Date: 18 October 2011
The other evening I was thinking about philosophy, the development of philosophical thought in particular, going back to its earliest traceable remnants from around 2880BC and that got me thinking about the development of “thought” and in particular the concepts of the development of stereotypes and, as so often happens, my mind went off on a tangent.
Everybody loves vampires, book readers love them, movie goers love them, real living vampires love them and why not? What’s not to love? Bold, sexy, mysterious, never having to say you’re sorry and so forth… a handsome and attractive stereotype if ever there was one.
From the earliest days when Stoker, Byron and Polidori unleashed their literary creations and entranced Victorian society by overstepping the surface boundaries of the moral constraints up to the “twinkle in the sun” romantic vampires of the latest movies there has been something for everyone in the telling and re-telling of the stories.
The shift in perception and the re-evaluation of the stereotype over almost 200 years has been quite profound in terms of its growth and public appeal; probably more so than any other single idea in its own right.
For almost 6800 years the stereotype of the vampire as a “blood sucking undead revenant or spirit” endured unchanged in the realms of superstition and folklore, it was carried over into the new century by the most popular bards of the time and played a great part in ensuring their livelihood and commercialism. During this period the first subtle distinctions began to creep into awareness about vampires. The work and theories of Frenchman, Z.J. Piérart, and the writings of Montague Summers and Dion Fortune in the late 1800’s proposed alternatives to the long cherished stereotype that had held the public imagination.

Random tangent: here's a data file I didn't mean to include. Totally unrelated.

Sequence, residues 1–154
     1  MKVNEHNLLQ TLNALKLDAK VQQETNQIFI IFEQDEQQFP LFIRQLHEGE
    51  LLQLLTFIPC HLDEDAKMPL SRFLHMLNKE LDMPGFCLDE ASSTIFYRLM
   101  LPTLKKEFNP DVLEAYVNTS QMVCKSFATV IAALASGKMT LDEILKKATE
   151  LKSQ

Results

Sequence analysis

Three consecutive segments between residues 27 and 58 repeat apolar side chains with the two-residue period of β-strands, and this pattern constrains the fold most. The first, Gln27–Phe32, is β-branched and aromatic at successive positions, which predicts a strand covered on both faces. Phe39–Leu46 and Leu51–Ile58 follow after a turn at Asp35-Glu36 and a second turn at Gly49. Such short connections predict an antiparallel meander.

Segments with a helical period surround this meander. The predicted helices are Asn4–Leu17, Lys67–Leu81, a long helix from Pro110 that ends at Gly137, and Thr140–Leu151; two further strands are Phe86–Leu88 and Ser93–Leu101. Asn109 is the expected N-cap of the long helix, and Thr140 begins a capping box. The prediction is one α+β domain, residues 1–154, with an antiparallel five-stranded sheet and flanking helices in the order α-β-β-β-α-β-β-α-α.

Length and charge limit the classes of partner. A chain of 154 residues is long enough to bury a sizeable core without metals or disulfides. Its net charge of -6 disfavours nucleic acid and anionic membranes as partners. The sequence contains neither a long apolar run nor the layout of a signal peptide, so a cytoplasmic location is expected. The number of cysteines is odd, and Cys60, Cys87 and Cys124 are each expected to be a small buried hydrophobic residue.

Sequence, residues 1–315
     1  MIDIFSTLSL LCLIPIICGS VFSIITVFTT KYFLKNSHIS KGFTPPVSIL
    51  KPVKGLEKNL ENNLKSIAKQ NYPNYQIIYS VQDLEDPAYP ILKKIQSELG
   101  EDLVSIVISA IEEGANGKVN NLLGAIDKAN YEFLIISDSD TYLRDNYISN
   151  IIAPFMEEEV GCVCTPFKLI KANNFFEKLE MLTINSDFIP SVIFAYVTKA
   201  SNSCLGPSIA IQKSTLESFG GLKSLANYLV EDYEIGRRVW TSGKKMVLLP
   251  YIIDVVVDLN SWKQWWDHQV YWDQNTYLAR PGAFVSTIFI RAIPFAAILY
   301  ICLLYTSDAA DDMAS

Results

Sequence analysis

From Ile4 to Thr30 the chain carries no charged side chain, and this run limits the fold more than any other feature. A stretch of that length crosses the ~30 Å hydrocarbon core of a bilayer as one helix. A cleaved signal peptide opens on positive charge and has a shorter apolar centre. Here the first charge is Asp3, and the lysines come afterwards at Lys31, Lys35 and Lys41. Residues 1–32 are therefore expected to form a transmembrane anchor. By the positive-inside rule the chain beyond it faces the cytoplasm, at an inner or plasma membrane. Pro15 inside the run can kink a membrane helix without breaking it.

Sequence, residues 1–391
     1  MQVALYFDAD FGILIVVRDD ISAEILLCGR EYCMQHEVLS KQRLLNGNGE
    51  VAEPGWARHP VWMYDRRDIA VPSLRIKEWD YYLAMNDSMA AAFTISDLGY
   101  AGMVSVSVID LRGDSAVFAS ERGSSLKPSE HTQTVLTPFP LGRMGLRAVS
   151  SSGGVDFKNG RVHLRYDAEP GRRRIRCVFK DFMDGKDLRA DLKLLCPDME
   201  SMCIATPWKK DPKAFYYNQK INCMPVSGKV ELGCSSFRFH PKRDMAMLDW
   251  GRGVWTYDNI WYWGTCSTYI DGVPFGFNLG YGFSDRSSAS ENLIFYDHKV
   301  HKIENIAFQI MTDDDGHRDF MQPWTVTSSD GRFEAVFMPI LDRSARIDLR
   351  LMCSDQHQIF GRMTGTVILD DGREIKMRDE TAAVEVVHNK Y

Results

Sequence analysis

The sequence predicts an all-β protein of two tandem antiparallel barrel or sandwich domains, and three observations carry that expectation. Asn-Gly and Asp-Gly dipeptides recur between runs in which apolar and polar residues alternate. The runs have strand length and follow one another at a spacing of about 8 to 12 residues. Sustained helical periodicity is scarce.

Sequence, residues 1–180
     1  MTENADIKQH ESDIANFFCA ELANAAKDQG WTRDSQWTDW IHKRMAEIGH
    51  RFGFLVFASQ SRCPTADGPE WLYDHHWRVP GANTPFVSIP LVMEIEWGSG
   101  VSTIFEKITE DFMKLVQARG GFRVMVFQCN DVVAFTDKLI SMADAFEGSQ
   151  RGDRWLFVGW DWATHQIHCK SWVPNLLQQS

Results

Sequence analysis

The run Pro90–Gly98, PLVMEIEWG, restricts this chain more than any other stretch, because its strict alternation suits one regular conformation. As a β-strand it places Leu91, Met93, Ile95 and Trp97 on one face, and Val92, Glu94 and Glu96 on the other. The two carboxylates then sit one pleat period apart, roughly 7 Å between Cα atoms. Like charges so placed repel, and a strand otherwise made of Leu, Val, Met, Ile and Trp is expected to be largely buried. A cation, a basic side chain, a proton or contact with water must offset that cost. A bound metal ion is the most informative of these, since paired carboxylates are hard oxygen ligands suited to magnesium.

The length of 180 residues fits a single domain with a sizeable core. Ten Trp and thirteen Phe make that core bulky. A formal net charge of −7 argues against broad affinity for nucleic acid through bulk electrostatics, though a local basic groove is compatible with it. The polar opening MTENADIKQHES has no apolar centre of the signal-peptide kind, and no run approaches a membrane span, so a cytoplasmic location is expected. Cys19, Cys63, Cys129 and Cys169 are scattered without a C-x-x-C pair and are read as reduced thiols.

There was suddenly a discussion, a serious philosophical discourse, about the matter of vampirism and we saw the first split between the traditional stereotype and the “new” idea of psychic vampirism. A branching of beliefs started to divide the aficionados, a division that was to branch yet again before too much longer.
The twentieth century saw a return to, and reinforcement of the old beliefs as the magic of the movies took over the storytelling. The public flocked to see the new wonder and lapped up the thrills and spills. In the landmark Nosferatu (1922) German director by F. W. Murnau introduced Max Schreck as the hideous Count Orlok. The next classic treatment of the vampire legend was in Universal’s Dracula (1931) starring Béla Lugosi as Count Dracula. Five years after the release of the film, Universal released Dracula’s Daughter (1936), a direct sequel that starts immediately after the end of the first film and a second sequel, Son of Dracula, starring Lon Chaney, Jr. followed in 1943. 
In 1957, a Mexican film, El Vampiro was the first feature that showed the vampire’s fangs – the Universal predecessors did not. It was this film that marked the transitional stage between the Universal Studios pictures and those of the celebrated Hammer Films series. Since then, despite a small number of comedic spin-off’s the stereotypical vampire stayed pretty much true to form; an evil, undead, predatory blood-sucking fiend.